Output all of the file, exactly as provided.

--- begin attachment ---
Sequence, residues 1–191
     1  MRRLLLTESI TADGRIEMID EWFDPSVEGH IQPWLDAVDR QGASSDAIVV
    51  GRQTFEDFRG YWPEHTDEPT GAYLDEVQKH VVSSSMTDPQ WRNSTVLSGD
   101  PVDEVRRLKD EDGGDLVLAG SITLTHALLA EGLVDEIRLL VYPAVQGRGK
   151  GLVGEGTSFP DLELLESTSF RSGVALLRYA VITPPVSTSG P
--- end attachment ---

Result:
Sequence, residues 1–191
     1  MRRLLLTESI TADGRIEMID EWFDPSVEGH IQPWLDAVDR QGASSDAIVV
    51  GRQTFEDFRG YWPEHTDEPT GAYLDEVQKH VVSSSMTDPQ WRNSTVLSGD
   101  PVDEVRRLKD EDGGDLVLAG SITLTHALLA EGLVDEIRLL VYPAVQGRGK
   151  GLVGEGTSFP DLELLESTSF RSGVALLRYA VITPPVSTSG P